The full moon has always been a companion through time, through months, through seasons and the entire year. In the early days even more so, because daily life of people had not been strictly ruled by the clock yet. It was the sun that determined the day and the moon that brightened the night. Nowadays, clock and calendar are our time scales, which is advantageous but also contains a dark side. You unlearn more and more to estimate time periods and to experience them consciously. We have almost forgotten to perceive how different a full moon feels like in December compared to a full moon in July …
When Neil Armstrong became the first human being that set foot on the moon within the scope of the Apollo 11 mission in 1969, he said the famous words »That’s one small step for (a) man … one … giant leap for mankind« and hence erected a monument for this historic move. Rarely in history, did the success of human research and development work, condense so impressively in just one moment.
Today is full moon and for many Buddhists this is a special day, because the Vesak holiday is celebrated worldwide. According to tradition, Buddha was born on full moon in May, later became enlightened and also passed away on this day. This is how this day is honoured in countries like Singapore, Vietnam, Thailand, Indonesia and also in India, Nepal, Sri Lanka and many more. And above all of this, the full moon shines.
Today is Friday 13th and we wanted to take a look at, whether it is considered lucky and what this has to do with the full moon. Interestingly enough, the interpretation of the number 13 has developed in various directions in different countries and cultures and you can find as many examples for bad luck, as much as the ones that promise good luck, albeit diverse interpretations exist.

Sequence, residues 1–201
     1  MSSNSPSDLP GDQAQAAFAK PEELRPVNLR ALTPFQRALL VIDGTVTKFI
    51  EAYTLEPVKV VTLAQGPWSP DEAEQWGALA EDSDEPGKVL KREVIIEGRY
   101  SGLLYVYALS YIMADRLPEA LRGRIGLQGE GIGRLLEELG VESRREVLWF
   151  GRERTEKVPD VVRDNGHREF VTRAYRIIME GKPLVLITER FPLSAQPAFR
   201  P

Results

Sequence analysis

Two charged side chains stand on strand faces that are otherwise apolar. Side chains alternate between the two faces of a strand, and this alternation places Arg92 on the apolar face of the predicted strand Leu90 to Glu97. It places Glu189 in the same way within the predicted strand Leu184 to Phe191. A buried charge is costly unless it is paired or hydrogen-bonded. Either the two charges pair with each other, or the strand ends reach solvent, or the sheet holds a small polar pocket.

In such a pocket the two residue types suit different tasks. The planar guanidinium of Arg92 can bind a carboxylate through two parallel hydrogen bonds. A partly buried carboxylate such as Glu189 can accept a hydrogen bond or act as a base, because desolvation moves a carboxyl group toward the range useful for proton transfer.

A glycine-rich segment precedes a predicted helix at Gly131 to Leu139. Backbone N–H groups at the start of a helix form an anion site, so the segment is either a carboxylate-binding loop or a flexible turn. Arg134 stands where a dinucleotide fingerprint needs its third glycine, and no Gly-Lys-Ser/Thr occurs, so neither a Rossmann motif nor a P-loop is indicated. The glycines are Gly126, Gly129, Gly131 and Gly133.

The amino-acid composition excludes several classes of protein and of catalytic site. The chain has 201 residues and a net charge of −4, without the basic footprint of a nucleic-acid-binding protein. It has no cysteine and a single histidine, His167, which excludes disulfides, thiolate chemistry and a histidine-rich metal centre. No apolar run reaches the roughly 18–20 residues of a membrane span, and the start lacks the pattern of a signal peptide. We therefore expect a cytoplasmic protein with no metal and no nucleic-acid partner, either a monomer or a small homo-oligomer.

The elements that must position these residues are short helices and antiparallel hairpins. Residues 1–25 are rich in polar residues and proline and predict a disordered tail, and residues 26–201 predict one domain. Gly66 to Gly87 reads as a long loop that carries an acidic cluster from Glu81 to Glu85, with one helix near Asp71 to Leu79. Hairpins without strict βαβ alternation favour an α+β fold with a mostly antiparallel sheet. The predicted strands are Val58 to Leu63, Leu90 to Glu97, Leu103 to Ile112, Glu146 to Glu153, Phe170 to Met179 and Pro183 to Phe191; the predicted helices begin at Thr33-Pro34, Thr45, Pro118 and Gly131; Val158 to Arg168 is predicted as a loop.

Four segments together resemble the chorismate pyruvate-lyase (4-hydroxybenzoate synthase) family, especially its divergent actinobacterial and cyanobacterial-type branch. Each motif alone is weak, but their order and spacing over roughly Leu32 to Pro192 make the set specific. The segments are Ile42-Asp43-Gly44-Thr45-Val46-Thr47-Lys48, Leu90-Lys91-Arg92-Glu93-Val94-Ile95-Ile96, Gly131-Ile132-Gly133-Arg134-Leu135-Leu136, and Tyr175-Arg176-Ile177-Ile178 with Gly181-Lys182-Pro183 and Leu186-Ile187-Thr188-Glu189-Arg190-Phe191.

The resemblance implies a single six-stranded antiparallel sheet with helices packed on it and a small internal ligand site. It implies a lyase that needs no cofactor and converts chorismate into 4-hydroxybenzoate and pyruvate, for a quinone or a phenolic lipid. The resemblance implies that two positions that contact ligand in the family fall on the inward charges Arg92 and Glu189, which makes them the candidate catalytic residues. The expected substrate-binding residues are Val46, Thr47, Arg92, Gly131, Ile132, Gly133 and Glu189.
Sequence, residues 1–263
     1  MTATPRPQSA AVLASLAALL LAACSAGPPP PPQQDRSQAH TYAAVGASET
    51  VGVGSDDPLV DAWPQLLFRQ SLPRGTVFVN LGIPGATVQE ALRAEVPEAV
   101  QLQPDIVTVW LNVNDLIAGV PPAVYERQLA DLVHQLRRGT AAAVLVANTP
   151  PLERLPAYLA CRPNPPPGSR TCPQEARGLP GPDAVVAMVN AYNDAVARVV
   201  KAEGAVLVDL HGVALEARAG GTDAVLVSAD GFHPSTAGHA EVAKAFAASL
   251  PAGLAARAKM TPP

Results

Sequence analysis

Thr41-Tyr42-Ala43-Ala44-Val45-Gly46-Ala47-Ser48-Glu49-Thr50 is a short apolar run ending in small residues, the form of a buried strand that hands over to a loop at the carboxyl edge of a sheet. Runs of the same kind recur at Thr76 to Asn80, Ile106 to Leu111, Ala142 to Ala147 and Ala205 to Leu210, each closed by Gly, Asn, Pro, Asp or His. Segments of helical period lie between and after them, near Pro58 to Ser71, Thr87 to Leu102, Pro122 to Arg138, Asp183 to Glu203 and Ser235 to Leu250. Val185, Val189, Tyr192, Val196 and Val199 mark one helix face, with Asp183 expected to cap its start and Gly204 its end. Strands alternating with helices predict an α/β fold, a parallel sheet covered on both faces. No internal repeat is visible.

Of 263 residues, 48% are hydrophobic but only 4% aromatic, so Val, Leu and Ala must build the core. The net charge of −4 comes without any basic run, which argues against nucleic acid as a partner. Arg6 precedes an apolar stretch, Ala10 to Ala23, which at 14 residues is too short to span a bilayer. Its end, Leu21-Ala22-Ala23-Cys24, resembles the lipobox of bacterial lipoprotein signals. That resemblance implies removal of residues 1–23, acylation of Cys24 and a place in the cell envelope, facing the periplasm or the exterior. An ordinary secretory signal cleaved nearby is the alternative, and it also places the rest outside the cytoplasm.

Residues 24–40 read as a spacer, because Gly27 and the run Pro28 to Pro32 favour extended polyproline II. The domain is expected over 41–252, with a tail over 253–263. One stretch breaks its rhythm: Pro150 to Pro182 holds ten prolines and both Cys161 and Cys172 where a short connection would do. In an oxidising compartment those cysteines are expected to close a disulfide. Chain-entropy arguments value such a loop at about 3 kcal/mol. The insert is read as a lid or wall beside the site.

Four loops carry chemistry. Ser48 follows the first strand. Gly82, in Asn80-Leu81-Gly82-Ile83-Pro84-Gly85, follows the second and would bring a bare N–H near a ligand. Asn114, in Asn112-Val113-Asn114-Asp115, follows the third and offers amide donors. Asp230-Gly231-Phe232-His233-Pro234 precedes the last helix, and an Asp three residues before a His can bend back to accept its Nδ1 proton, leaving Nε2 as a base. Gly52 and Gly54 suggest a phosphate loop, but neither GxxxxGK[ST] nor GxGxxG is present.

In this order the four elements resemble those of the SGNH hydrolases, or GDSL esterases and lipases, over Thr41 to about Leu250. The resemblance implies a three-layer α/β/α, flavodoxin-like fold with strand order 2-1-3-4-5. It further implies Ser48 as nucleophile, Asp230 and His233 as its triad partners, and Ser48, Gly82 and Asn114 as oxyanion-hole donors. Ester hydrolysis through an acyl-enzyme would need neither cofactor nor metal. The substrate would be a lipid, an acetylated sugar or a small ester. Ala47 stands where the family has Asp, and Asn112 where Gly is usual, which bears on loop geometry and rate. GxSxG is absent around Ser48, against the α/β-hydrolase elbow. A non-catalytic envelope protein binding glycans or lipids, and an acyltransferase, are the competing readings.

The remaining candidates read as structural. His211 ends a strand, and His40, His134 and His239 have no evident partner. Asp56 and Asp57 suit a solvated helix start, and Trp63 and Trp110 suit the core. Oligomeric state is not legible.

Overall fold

We all grew up with stamps. Those small, delicate images which tell stories of countries and events and which can decorate an envelope quite wonderfully. Nowadays, letters are increasingly stamped with bar codes or rolling stamps. Still, the stamps are surviving and occasionally, the moon is to be seen on them. Mostly when a historic space travel event is being celebrated.
Quite a lot! The date of Easter is actually determined by the full moon. Quite contrary to Christmas, the Easter date is part of the changing holidays and defined as follows: “Easter is on the Sunday after the first full moon in spring.”
At first glance, this appears to be quite easy: one look at the calendar, beginning of spring is mostly on 21st March and then simply search for the next full moon and the weekend after will be Easter.
It was about 100 years ago when a special kind of postcard was fashionable in Europe: the moonshine card. This is a kind of postcard with motifs of cities or landscapes that was to convey the effect of a nightly moonshine scenery. It was supposed to be romantic and this obviously appealed to people in those days. There were printed cards as well as photo-postcards that were »dipped into moonlight« in this way.